Did you know that ancient peoples, particularly Aztecs and Mayans, consumed chili peppers as an aphrodisiac? Besides this revelation, there are many reasons to consider kicking your chili pepper consumption up a notch, as there are several related health benefits. Peppers are a great source of Vitamin C, which also acts as an antioxidant. 100 grams of chili peppers contain more than 200% of your daily recommended dose of Vitamin C, as well as a 39% of Vitamin B6, 32% of Vitamin A, 13% iron, 14% copper and 7% potassium. They are also cholesterol free. The “spicy” part of chili peppers is called capsaicin, and is actually flavorless and odorless. The more capsaicin there is in a pepper, the higher the antioxidant level (as well as spiciness). For example, a bell pepper has no capsaicin, while habanero peppers have a lot. You can actually train your taste buds to tolerate spicy peppers, simply by adding them to your daily diet in gradual amounts. Eventually the burn fades and you can start to enjoy the flavors instead of the burn.
Capsaicin can help to curb appetite, at least briefly, which can benefit those on reduced-calorie diets. Ever break a sweat after eating a hot pepper? This is your body’s response to the heat. Your body produces a sweat to counteract the heat which in turn helps to boost your metabolic rate and burn more calories.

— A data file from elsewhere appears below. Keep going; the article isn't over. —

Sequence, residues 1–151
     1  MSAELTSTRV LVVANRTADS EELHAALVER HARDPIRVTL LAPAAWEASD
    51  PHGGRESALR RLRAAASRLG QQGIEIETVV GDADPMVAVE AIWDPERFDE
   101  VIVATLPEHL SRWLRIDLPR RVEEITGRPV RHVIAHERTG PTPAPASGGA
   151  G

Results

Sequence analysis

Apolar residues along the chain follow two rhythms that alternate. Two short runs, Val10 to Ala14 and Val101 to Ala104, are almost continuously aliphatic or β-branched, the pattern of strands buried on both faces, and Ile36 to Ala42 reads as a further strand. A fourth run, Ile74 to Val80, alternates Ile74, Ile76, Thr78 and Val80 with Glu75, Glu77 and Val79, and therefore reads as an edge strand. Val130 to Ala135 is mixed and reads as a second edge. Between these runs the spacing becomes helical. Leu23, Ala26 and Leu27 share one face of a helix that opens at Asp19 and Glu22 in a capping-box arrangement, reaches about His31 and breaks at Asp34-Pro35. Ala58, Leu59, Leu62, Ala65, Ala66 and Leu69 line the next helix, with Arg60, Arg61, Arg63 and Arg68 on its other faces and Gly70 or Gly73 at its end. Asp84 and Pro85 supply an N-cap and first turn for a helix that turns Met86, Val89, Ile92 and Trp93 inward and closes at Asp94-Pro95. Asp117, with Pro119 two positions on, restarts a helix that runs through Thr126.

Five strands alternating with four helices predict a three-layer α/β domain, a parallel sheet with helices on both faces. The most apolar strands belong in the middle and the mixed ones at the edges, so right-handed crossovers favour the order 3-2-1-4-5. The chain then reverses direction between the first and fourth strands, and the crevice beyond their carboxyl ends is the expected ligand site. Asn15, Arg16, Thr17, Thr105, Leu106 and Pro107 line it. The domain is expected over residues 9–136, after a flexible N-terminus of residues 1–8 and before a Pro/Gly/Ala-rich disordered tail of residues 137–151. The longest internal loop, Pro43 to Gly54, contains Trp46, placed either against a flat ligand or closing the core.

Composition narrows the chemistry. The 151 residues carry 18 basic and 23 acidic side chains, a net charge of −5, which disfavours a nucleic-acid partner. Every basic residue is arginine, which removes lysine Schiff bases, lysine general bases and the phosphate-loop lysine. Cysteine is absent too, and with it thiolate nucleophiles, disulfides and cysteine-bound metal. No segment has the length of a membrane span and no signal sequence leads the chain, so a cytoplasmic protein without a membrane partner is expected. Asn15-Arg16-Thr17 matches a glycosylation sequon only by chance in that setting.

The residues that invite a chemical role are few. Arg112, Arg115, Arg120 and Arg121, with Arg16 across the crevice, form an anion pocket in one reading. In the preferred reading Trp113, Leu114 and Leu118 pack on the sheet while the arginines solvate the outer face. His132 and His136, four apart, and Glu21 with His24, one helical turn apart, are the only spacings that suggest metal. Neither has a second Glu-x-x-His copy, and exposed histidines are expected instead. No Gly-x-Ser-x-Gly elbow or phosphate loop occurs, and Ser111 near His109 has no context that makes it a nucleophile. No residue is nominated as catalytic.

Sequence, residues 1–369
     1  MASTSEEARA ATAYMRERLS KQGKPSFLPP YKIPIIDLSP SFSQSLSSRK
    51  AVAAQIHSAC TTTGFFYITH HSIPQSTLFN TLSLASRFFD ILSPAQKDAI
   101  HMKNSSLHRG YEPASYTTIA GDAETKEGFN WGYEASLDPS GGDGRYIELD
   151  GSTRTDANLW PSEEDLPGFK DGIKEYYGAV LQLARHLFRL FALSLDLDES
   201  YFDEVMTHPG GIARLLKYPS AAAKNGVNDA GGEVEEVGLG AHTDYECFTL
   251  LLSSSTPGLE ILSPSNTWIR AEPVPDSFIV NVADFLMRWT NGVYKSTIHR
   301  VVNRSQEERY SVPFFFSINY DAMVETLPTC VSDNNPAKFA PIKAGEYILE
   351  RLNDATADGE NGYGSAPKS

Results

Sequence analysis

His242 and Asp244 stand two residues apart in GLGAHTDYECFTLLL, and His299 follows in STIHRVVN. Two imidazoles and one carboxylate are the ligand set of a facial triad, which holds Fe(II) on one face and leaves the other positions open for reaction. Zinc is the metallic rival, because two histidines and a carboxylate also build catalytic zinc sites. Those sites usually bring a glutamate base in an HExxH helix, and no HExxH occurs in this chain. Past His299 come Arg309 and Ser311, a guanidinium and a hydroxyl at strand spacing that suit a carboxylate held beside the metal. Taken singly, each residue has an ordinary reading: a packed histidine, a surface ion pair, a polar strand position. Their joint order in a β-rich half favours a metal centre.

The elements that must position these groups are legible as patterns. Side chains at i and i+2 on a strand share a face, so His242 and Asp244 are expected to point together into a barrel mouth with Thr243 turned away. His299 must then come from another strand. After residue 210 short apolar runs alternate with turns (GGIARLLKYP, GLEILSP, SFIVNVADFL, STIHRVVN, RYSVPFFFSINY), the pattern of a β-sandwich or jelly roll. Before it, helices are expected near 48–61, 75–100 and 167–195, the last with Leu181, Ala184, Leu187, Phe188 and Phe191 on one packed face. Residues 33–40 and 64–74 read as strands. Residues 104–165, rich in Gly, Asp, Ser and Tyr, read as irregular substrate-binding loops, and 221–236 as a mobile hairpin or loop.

Recent studies have shown that capsaicin can help to kill cancer cells, by preventing them from avoiding regular cell death (apoptosis). In fact, a study of prostate cancer in mice found that the compound killed about 80% of prostate cancer cells. Several other studies of pancreatic and lung cancer have had similar results. While there’s no study to indicate the same results in people, it wouldn’t hurt to add some chili peppers to your diet just in case.
In the same way that your taste buds (nerve endings) adjust to the “burn” of chili peppers, the same compound can be used topically to reduce nerve-induced pain elsewhere in the body, such as with osteoarthritis and psoriasis.
Buying and Consuming Peppers
When purchasing peppers, look for the brightest-color available (this indicates freshness and higher antioxidant levels). The stalk should be intact. You can store peppers in the fridge inside a plastic bag for up to a week. It’s a good idea to start small when adding any kind of hot pepper to your diet. You can steam, bake, grill, or stir-fry peppers, or eat them raw. Try adding a bit of pepper to your meal and then slowly increase the amount. Chili peppers are also great added to salads, sauces and salsas. What's your favorite way to enjoy chili peppers? Share below! Photo: Thai Food Blog